For years, companies have operated on the premise that in order to improve their artificial intelligence software and gain competitive advantage, they must collect huge amounts of user data – the cornerstone of machine learning.
But increasingly, collecting massive amounts of user information can be a major risk. Laws like those of EuropeGeneral Data Protection Regulation, or GDPR, and Californianew privacy rules now impose heavy fines on companies that mishandle this data, for example by failing to protect company computer systems from hackers.
Some companies are even publicly distancing themselves from what was once standard practice, such as using machine learning to predict customer behavior. Alex Spinelli, chief technologist at enterprise software maker LivePerson, recently saidFortune, that he hascanceled some AI projects at his current company and with former employers because these commitments contradicted his own ethical beliefs about data privacy.
For Aza Raskin, co-founder and program advisor of the nonprofit Center for Humane Technology, technology – and by extension AI – is living at a time close to climate change.
Raskin, whose father, Jef Raskin, helped Apple developing its first Macintosh computers, said that for years researchers have studied different environmental phenomena such as the depletion of the ozone layer and the rise in sea level. It took years before these different Environmental problems do not merge into what we now call climate change, a catch-all term that helps people understand the current global crisis.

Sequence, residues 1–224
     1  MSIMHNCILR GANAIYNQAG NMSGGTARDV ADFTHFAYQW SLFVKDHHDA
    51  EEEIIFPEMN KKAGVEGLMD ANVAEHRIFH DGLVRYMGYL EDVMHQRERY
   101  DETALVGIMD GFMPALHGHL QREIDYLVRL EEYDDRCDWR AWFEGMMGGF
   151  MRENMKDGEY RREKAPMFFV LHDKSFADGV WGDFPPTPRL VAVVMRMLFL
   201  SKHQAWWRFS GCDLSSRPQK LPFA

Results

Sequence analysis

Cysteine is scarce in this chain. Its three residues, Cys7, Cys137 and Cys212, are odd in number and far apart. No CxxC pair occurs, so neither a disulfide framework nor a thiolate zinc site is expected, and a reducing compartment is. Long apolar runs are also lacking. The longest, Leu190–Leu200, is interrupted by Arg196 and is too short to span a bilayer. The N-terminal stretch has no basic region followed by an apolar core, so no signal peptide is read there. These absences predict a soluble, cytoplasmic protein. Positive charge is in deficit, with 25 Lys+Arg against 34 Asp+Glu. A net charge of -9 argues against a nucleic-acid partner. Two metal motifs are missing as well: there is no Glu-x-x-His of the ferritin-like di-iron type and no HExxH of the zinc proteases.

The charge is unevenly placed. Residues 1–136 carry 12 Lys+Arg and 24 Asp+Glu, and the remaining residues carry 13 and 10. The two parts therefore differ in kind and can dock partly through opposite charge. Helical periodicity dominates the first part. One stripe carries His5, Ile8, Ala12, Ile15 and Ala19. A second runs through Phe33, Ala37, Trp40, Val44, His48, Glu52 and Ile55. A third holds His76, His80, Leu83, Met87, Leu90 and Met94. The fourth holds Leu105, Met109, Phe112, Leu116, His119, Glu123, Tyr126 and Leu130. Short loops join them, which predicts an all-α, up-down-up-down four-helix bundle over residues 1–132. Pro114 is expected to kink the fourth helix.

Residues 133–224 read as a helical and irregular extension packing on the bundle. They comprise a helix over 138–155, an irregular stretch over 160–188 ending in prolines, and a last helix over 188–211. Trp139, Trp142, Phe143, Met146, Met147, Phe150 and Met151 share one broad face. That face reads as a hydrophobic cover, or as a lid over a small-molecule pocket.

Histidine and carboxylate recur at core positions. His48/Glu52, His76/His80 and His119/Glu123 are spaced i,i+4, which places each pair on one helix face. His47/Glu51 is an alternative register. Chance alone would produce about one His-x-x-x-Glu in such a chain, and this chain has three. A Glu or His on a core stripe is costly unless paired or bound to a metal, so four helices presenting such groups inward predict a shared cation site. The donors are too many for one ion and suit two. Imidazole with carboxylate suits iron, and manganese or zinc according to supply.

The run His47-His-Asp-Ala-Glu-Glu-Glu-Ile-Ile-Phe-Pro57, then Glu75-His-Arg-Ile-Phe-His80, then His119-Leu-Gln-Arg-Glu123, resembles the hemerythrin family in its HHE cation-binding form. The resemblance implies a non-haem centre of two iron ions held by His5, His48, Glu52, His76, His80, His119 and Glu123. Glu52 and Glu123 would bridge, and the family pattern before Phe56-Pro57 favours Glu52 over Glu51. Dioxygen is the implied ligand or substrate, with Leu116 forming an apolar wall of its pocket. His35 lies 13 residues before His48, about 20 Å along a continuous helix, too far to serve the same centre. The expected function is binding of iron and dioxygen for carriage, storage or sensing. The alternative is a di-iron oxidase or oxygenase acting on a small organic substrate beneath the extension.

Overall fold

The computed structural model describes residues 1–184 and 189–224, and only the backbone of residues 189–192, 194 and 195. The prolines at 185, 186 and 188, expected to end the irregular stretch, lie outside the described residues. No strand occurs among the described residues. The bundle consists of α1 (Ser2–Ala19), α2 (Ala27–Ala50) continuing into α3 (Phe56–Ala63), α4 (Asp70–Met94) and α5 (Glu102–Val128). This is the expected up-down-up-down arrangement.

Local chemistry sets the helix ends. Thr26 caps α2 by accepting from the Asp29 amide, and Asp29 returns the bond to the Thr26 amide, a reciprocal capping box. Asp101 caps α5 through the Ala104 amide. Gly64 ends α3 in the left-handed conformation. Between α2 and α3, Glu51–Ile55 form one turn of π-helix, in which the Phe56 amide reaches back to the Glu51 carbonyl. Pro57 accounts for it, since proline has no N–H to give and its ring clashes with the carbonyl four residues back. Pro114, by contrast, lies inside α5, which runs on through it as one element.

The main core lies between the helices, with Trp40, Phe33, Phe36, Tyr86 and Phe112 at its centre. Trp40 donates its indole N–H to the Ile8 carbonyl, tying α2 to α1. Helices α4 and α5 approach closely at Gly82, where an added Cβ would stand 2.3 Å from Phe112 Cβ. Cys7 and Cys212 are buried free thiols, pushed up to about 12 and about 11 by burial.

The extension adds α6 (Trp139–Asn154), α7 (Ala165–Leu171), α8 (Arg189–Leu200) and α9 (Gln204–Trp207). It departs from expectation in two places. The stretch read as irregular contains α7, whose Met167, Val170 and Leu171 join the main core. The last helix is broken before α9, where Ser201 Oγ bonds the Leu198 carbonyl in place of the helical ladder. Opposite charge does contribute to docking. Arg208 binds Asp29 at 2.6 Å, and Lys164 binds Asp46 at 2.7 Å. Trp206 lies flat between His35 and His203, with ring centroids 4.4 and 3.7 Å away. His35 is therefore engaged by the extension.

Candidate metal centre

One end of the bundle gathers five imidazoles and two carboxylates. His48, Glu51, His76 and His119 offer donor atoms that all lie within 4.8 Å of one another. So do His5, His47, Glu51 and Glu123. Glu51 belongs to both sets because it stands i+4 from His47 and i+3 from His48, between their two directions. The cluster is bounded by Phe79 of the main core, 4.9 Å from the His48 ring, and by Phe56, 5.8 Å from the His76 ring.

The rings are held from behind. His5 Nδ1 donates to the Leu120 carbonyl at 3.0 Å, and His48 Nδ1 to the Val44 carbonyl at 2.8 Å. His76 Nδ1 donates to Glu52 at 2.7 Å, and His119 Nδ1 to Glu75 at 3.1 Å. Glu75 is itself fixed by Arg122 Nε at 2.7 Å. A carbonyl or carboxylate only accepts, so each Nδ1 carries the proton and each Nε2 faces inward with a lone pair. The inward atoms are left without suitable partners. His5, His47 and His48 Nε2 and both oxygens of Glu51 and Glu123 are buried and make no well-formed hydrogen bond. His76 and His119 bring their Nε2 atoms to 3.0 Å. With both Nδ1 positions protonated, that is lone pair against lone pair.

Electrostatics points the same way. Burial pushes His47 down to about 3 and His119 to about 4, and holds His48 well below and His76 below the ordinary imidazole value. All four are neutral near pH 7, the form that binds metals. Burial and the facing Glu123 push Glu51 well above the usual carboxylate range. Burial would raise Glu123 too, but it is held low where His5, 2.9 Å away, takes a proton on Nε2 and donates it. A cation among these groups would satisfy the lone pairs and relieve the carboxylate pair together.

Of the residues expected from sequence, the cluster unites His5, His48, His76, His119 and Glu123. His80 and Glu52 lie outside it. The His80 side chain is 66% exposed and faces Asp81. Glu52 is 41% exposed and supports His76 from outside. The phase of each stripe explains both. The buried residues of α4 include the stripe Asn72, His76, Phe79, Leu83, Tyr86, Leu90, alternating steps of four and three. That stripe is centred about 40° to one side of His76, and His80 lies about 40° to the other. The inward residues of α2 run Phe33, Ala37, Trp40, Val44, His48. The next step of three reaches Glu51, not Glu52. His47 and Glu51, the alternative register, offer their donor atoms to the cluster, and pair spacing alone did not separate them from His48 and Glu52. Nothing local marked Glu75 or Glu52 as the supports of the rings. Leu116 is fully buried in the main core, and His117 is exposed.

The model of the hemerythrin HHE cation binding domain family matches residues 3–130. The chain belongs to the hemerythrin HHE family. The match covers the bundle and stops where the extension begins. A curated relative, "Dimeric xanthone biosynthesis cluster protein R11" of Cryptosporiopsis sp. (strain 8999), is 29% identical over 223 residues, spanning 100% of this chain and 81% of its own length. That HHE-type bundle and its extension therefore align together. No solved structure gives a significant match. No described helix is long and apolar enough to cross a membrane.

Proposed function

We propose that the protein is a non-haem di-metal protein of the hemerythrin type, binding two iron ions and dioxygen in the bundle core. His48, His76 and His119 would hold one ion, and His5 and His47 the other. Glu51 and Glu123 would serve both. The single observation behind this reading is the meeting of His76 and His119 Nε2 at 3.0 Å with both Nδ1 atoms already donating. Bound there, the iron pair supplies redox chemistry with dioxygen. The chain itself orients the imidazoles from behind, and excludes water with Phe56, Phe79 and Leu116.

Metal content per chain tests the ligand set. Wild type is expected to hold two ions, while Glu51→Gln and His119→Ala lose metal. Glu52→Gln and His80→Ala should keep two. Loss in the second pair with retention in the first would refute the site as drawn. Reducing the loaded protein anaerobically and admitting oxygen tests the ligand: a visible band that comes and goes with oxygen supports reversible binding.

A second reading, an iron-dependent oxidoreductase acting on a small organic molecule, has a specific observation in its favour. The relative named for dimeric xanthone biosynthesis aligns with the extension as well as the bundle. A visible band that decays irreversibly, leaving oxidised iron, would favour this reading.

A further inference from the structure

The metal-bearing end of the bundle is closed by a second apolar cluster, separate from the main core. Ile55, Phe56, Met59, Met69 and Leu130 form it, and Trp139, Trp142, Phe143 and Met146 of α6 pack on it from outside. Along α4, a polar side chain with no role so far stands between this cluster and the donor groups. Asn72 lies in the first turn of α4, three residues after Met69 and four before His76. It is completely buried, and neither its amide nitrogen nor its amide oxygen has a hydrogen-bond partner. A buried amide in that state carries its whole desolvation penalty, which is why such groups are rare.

Likewise, researchers have studied some of the unintended consequences of AI linked to the proliferation of disinformation and surveillance. The pervasiveness of these problems, such as Facebook allow disinformation to spread on its service or the use of AI by the Chinese government Track Uyghurs, could lead to a societal assessment of AI-based technology.
“Another five years ago, if you stood up and said, ‘Hey, social media is pushing us to increase polarization and civil war,’ people would eye you and call you Luddite,” Raskin said. But with the recent riots on the U.S. Capitol, led by people who believed conspiracy theories were shared on social media, it’s getting harder and harder to ignore issues with AI and related technologies, a- he declared.
Raskin, who is also a member of the World Economic Forum’s Global AI Council, hopes governments will create regulations that explain how businesses can use AI ethically.
“We need government protections so that we don’t have unhindered capitalism that points to the human soul,” he said.
He believes companies that take data privacy seriously will have a “strategic advantage” over others as more AI issues emerge, which could lead to financial penalties or a damaged reputation.
Companies should expand their existing risk assessments – which help companies measure the legal, political and strategic risks associated with certain business practices – to include technology and AI, Raskin said.
The recent Capitol Riots highlight how technology can lead to societal problems, which in the long run can hurt a company’s ability to succeed. (After all, it can be difficult to run a successful business during a civil war.)
“If you don’t have a healthy company, you can’t have a successful business,” Raskin said.